If you’re thinking about selling or buying a business, you need to have a good grasp on EBITDA – earnings before interest, taxes, depreciation and amortization. It’s the standard used when valuing many larger businesses.
Buyers looking to acquire larger businesses (valued at $10 million and higher) need to consider normal management or CEO salaries as an ongoing expense, so an owner’s salary will not be included as a discretionary item. A typical salary for the position, taking into consideration the industry, size of company, market conditions and expectations of the CEO will dictate the salary level.
For example, if the current owner is taking a salary that’s higher than what the new owner plans to pay, it will improve the EBITDA figures, increasing the value – and the apparent cash flow potential – of the business. Exceptionally large personal expenses for cars, boats or lake houses also may get added to EBITDA, which would have a positive impact on the business valuation.
However, forget getting credit for smaller expenses like phones, groceries, medical, insurance and personal legal or accounting bills. Fortunately, many owners of the larger businesses keep their books much cleaner and don’t run as many personal expenses through the business.
When we price a business, EBITDA is one measure we consider. But we prefer to also consider the Seller’s Discretionary Earnings (SDE). That includes the owner salary, plus other (reasonable and documented) seller benefits expensed to the business.
We add those on top of EBITDA for a more reasonable picture on which we can place a multiple and suggest a fair price. After all, the buyer will have the benefit of the cash flow of the business without all the current owner’s benefits.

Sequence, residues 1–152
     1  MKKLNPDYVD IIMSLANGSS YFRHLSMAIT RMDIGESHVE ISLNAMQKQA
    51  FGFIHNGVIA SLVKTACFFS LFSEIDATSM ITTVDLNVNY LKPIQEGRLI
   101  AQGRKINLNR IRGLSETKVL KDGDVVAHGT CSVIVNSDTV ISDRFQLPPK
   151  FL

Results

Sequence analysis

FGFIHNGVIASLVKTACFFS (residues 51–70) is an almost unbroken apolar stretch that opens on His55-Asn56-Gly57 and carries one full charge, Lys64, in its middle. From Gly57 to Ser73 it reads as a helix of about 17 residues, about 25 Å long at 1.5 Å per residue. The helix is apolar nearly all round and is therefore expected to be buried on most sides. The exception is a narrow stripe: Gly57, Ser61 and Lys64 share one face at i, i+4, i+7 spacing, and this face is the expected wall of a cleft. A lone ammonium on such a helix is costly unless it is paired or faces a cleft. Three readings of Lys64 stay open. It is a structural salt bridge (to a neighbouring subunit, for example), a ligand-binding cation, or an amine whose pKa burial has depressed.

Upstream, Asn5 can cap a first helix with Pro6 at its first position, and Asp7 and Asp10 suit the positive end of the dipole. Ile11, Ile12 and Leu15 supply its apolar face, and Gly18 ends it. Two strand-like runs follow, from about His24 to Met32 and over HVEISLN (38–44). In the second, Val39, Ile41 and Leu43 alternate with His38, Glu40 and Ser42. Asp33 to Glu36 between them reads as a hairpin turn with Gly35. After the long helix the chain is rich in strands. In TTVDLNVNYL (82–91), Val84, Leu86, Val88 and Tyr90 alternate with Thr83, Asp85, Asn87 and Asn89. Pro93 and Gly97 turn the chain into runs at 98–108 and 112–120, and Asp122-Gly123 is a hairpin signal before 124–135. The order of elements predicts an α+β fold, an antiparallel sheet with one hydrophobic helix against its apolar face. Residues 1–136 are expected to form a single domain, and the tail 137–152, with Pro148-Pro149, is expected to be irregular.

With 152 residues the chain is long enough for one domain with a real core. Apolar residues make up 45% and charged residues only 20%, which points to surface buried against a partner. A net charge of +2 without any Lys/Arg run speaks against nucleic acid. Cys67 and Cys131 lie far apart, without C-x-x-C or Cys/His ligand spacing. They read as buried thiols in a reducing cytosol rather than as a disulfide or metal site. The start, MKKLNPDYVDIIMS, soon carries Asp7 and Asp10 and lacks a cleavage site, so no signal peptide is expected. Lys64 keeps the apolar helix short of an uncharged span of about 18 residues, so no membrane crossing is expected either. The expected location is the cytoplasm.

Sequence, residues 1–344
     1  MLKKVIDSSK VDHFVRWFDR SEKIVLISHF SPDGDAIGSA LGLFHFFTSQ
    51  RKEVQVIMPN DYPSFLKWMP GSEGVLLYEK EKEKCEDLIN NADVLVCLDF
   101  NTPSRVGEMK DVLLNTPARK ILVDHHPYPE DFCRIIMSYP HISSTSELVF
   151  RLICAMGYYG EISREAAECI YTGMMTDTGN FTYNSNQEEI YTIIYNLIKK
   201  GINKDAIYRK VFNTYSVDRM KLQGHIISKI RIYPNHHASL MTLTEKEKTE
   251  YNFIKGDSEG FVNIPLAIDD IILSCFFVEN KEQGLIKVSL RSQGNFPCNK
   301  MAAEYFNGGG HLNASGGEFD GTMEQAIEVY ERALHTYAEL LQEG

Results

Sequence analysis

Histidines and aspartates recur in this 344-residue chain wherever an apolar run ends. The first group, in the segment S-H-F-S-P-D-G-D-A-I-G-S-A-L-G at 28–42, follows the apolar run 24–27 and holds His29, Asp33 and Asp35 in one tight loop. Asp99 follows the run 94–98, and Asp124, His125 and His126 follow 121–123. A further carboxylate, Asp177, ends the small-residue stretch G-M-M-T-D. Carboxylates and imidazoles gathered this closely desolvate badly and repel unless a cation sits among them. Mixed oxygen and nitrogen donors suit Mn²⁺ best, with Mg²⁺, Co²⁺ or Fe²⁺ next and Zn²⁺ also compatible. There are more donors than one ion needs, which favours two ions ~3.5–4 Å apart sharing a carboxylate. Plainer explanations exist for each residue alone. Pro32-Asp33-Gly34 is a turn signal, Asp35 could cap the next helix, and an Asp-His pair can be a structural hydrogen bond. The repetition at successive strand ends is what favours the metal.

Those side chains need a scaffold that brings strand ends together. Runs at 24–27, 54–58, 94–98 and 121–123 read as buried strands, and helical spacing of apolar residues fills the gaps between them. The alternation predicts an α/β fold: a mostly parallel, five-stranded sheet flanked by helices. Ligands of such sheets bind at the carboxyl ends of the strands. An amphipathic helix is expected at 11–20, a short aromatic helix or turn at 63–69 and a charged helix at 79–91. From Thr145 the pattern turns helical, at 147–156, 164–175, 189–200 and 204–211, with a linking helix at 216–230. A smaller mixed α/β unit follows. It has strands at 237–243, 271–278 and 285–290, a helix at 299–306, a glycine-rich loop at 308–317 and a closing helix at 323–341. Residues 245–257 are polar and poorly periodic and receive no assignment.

We worked with a business recently that had $2 million in SDE. But the owner was taking a $400,000 salary and $200,000 in other benefits, which made EBITDA $1.4 million. We argued that $200,000 was a more reasonable owner/manager salary, and we could eliminate most of the “other benefits,” resulting in a more accurate earnings assessment of $1.8 million.
We find using the SDE more reasonably reflects the expected earnings for a buyer, gets the seller a more reasonable price and will also be allowed for bank financing.
Our advice is this: Whether you’re selling or buying, know your numbers – EBITDA, cash flow and SDE. But don’t let them intimidate you. Make sure you know what’s behind those numbers and how it will affect the potential costs and benefits of the business.
If you or someone you know is interested in buying or selling a business, please call us at 913-383-2671 or contact one of our Apex Business Advisors today!